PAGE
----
How Trump's Cozy Relationship With The Tabloids Plays Into His Hush Money Trial

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Now that former President Donald Trump’s hush money trial has started in earnest, it’s thrown a spotlight onto a grimy corner of the media business: pay-to-play tabloid journalism, where editors pluck the juiciest stories from a marketplace of potential scandals.

During his 2016 presidential campaign, Trump had the king of the tabloids in his pocket — the National Enquirer, headed at the time by American Media Inc. CEO David Pecker.

In court this week, reporters in the courtroom heard Pecker testify under oath that he actively sought to be Trump’s “eyes and ears.” The National Enquirer and AMI were essential to the schemes to “catch” (buy the rights to) and “kill” (never publish) negative Trump stories, a pact that became the foundation of Manhattan District Attorney Alvin Bragg’s case.

Trump is accused of falsifying documents related to a payment he made to Stormy Daniels, who claimed she had an affair with Trump, in order to “catch and kill” her story ahead of the 2016 election. (Trump has denied having the affair.)

Pecker’s testimony stretched over multiple days. He said he met Trump in the ’80s at Mar-a-Lago, the Spanish revivalist seaside resort Trump acquired in 1985. Their meeting blossomed into a decades-long friendship, or rather a mutually beneficial situationship, in which each used the other for personal gain. Trump helped Pecker sell copies of his magazines in supermarket checkout aisles, and Pecker helped Trump raise his public profile, leading him to eventually launch his hit reality show, “The Apprentice,” in 2004.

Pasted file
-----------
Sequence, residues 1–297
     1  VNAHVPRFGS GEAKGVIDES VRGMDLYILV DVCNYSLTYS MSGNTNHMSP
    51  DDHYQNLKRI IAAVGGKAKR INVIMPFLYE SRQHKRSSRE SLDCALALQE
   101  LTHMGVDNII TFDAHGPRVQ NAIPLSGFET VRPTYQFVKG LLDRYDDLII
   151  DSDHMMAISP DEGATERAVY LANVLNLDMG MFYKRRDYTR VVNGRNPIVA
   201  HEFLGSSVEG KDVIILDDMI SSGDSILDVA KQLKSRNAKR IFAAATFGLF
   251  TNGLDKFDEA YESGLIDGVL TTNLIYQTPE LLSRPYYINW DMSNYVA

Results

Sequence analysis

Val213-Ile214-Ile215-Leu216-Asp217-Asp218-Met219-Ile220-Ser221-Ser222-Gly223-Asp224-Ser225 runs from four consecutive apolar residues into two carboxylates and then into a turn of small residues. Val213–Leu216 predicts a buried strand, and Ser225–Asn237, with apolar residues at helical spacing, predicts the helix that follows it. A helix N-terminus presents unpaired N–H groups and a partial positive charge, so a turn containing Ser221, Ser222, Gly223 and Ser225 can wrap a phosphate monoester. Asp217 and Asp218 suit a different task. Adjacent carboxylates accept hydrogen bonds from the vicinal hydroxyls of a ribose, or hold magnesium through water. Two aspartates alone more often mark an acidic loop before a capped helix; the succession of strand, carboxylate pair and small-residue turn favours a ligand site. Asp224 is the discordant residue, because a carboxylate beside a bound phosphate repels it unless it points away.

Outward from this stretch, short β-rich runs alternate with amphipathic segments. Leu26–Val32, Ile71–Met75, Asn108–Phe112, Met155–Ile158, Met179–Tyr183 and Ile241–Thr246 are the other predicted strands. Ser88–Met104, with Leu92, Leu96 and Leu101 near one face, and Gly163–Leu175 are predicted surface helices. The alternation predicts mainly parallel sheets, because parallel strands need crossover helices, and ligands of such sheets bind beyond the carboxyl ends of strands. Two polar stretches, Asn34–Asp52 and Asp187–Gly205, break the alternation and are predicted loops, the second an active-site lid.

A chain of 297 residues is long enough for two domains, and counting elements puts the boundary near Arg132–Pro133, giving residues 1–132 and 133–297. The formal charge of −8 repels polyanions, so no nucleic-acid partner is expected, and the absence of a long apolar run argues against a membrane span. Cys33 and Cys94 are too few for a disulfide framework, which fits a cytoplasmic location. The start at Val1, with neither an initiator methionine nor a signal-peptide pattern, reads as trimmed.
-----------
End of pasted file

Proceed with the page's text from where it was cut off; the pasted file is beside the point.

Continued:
Pecker spoke about being invited in 2015 to watch Trump descend down his gilded escalator and announce that he was running for president. A couple months later, the two discussed Trump’s candidacy, Pecker said.

“I said what I would do is I would run or publish positive stories about Mr. Trump and I would publish negative stories about his opponents,” Pecker testified Tuesday.

The Enquirer headlines shown as evidence in court were alternately reverent and sleazy: “DONALD TRUMP: THE MAN THE LEGEND;” “JFK’S SECRET SON ENDORSES DONALD TRUMP;” “TED CRUZ SHAMED BY PORN STAR;” “‘FAMILY MAN’ MARCO RUBIO’S LOVE CHILD STUNNER!”

But it’s an odd partnership for a man who for so long has claimed to be a the victim of “fake news,” a term that he has hijacked to mean virtually any reporting that does not flatter him. A bombshell series on Trump’s tax avoidance? Fake news. A report that he called dead service members “losers”? Fake news. The alarming spread of coronavirus in October 2020? A fake news media conspiracy. Even the conservative Fox News has fallen out of his favor.

Ironically, though, some of what Pecker said he published on behalf of Trump could itself fit the definition of fake news.

Michael Cohen, Trump’s lawyer and fixer at the time, “would call me and say … we would like for you to run a negative article on, let’s say, for argument’s sake, on Ted Cruz,” Pecker said. “Then he would send me … information about Ted Cruz or about Ben Carson or about Marco Rubio. That was the basis of our story, and then we would embellish it from there.”